Native English Speakers: The Gift And The Curse

So there I was, in Berlin on what I recall was a perfect summer evening. As nightfall drew nearer, and having only just arrived back in Berlin from a short trip to Florence, it could have been argued that this particular Saturday night would be not too dissimilar to the many that had preceded it. And in many ways that would be the case.

 

 

Whilst taking the two-train, hour-long journey home from the airport it came to my attention that I would be required to put on my brave face and get friendly at a local party. Exhausted from repeatedly committing myself to late nights and early mornings in Florence, I was in desperate need of a lift. I knew this moment required a shower beer, the perfect way to set the tone for the evening and get myself buzzing before battling my way through yet another long night. Just to make one thing clear, I do not condone getting intoxicated in the shower. It’s not only dangerous but also kind of sad! However in a situation like this, adding one beer with some tunes to the mix is not only acceptable but almost a requirement.

 

After quickly getting organised, finishing my shower beer and grabbing one for the road, we made our way toward the party. A short fifteen-minute stroll later and we arrived, surprisingly as some of the first few. Everything at this point was pretty standard. I was in high spirits and enjoying a good old laugh with my German friends, and as always the drinks, food and banter that has become a staple at an event like this were at their typical best (don’t even get me started on the Germans’ obsession with beer-pong).

 

Fast-forward a few hours and the dark of the night was well and truly upon us, the party was in full swing, and there were people scattered all across the apartment. That’s when it dawned on me. I think I had noticed it on previous occasions too but somehow I had never let my attention be drawn to it. Everywhere I looked people were laughing and having a great time. They were talking, I mean really talking. The kind of conversations you really want to be a part of. I could see it. I could hear it. But in a sense I really couldn’t hear them at all. That’s because here I’m an outsider, a foreigner, from a land far, far away, where my words do not match up with those that I find myself surrounded by. However obvious it seems that my being in Germany surrounded by Germans would result in German conversation, this was the first time it had become overbearingly apparent. And with my German vocabulary consisting of only a few random and generally useless words, suddenly I felt isolated. In that moment my friends were like strangers. I couldn’t understand them, I couldn’t relate to anything they said, I couldn’t contribute anything of my own. I was very much a fish out of water. Whoever thought that the words of others would equate to such deafening silence!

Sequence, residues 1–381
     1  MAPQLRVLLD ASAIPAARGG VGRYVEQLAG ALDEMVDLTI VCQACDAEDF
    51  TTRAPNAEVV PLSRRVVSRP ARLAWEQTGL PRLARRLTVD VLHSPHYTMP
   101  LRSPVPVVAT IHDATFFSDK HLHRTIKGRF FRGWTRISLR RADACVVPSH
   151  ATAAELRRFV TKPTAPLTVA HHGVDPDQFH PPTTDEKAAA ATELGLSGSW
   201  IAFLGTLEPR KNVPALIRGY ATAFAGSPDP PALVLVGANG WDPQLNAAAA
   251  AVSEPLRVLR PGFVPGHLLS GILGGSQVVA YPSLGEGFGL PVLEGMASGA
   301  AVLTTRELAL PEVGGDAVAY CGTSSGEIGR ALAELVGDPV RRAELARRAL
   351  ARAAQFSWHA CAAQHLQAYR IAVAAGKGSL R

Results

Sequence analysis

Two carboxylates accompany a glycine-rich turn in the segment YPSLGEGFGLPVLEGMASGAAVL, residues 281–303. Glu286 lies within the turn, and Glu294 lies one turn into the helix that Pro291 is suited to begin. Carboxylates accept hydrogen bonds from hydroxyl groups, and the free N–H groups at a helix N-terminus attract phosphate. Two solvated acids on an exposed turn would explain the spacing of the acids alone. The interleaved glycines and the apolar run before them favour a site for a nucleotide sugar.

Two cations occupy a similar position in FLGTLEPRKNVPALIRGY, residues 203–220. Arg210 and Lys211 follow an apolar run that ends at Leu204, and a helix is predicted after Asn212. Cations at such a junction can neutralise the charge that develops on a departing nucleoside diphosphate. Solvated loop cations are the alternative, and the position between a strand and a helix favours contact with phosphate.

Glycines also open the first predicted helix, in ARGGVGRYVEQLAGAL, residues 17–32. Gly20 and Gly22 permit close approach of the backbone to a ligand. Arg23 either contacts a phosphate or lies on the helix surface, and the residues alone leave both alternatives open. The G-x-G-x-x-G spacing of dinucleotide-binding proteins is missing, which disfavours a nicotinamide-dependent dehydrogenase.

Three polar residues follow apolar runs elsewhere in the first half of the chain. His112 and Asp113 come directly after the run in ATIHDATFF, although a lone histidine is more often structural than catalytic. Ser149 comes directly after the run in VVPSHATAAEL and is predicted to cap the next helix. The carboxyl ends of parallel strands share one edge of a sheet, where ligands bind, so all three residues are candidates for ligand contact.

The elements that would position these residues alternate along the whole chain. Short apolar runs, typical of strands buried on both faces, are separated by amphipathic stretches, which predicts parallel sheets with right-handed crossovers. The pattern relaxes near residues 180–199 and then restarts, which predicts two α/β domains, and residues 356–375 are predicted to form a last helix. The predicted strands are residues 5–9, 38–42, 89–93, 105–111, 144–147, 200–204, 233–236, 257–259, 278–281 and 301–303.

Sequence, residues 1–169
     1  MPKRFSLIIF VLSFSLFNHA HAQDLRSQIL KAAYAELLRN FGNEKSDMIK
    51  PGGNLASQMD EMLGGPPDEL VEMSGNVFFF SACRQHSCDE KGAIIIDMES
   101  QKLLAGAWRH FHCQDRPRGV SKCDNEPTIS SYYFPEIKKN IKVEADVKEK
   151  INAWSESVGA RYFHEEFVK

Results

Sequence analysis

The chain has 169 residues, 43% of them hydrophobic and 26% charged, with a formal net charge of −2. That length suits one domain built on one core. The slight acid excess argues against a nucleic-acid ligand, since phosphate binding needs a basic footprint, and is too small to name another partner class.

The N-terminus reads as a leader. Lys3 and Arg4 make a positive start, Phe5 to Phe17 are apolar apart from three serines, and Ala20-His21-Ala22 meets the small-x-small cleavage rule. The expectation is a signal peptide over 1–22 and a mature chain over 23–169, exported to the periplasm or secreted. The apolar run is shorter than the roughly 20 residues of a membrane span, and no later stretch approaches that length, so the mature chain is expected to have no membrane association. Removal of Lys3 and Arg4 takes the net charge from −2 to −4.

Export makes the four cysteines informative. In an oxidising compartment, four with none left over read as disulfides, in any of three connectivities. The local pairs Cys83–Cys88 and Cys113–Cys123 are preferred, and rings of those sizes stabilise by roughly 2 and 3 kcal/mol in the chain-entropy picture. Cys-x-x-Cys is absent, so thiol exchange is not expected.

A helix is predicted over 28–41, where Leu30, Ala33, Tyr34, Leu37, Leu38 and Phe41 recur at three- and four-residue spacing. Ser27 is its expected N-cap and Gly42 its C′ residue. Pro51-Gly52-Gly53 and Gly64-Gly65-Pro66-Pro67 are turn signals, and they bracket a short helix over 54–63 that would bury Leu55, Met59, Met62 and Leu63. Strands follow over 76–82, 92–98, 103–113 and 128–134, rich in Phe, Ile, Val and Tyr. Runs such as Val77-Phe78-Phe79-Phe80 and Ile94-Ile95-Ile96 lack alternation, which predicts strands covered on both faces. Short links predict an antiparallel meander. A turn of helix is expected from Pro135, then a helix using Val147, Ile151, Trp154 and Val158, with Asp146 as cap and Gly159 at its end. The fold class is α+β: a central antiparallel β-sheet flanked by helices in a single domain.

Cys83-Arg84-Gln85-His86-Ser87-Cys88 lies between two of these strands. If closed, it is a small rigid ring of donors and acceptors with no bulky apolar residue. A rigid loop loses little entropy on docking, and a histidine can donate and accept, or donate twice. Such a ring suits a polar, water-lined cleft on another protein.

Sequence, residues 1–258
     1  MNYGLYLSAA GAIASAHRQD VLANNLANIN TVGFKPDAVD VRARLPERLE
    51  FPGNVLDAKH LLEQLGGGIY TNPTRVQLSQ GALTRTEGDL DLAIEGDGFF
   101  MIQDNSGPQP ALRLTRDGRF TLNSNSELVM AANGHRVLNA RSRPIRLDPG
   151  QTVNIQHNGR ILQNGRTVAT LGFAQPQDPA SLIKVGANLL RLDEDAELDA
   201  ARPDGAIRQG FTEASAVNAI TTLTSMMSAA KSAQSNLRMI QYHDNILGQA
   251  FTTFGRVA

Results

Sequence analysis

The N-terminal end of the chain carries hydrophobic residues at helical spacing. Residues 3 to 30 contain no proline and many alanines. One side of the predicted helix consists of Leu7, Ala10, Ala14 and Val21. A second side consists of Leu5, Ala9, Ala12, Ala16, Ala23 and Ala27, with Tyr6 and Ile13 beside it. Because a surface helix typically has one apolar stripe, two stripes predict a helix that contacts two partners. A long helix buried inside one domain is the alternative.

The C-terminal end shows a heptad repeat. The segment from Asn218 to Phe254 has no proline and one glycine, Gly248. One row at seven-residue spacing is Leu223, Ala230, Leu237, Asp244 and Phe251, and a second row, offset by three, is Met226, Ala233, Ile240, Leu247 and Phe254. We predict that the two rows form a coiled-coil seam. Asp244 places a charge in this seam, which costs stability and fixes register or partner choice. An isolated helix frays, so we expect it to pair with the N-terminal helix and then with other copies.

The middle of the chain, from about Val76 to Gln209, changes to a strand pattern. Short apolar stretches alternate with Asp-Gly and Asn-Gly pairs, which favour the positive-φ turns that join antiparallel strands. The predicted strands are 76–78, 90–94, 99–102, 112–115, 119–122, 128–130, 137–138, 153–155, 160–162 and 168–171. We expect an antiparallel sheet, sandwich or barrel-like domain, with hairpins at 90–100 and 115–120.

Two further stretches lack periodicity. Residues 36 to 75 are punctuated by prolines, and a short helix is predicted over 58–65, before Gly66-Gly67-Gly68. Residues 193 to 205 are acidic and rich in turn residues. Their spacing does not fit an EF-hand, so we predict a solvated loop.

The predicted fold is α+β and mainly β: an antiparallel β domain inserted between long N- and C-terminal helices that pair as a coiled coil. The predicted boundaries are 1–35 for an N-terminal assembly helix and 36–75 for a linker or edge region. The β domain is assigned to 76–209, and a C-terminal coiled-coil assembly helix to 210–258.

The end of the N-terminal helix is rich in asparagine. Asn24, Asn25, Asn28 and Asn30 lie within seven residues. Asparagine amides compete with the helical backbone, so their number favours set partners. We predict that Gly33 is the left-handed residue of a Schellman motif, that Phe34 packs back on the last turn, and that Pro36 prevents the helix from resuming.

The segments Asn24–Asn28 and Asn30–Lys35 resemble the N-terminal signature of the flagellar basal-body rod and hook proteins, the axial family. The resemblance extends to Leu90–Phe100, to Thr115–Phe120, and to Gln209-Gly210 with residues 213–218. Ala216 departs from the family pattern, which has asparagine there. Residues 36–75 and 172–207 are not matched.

So there I sat on the living room floor, seeking refuge in front of the television (thank goodness for sport), and I began thinking more broadly about the nature of language and communication. The friends I was surrounded by, all of whom were German and therefore natives to the German language, were all able to communicate to varying degrees in English. Each of them able to speak a second language, some of them a third or even fourth! And then there was me, if not the typical native English speaker then certainly the stereotype, able to speak English and only English. Drowning in the privilege of being a native to the ‘world language.’

 

I’m instantly reminded of a few experiences I’ve had in the past, witnessing English speakers (mostly American but also some Australians) getting frustrated with locals in foreign countries for not speaking English. I mean who would’ve thought that people from a different country with a different language might not be able to speak English? Crazy I know! But I’ve witnessed it firsthand, this sense of superiority or entitlement. Maybe sometimes it’s just confusion or miscommunication, but there is definitely something different about the expectations of many of those privileged enough to be native to the English language. What is it though that makes English stand apart from everything else in the world? Why is English widely considered to be the world language?

 

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The full moon guiding our late walk home

 

Suddenly my current communication issues seemed laughable and rather insignificant. I knew I was onto something much more interesting, much more thought provoking, the English language and the privilege associated with it. My mind was a hive of activity, I was lost in my own little world, or so I thought… I came crashing back to reality at warp speed when my absence was promptly discovered, resulting in the party migrating to the living room, seducing me back into action. From that moment on it was business as usual, an enjoyable night with friends that lasted well into the early hours of the morning. On our way home I remembered that moment in the living room right before I re-joined the party. I tried to reignite my thoughts on the topic but it was no use, after a big night that had followed a big week, both my mind and body were exhausted. Sleep was the only thing I could really think about and so that’s where it ended. We arrived home. Clambered into bed. And the rest, as they say, is history.

 

-N

 

P.S. That’s not really the end! It can’t be. I’m still curious about this topic, and I continue to wonder what makes the general attitude of English speakers towards language different to that of many other cultures.

 

 

 

 

 

 

 

 

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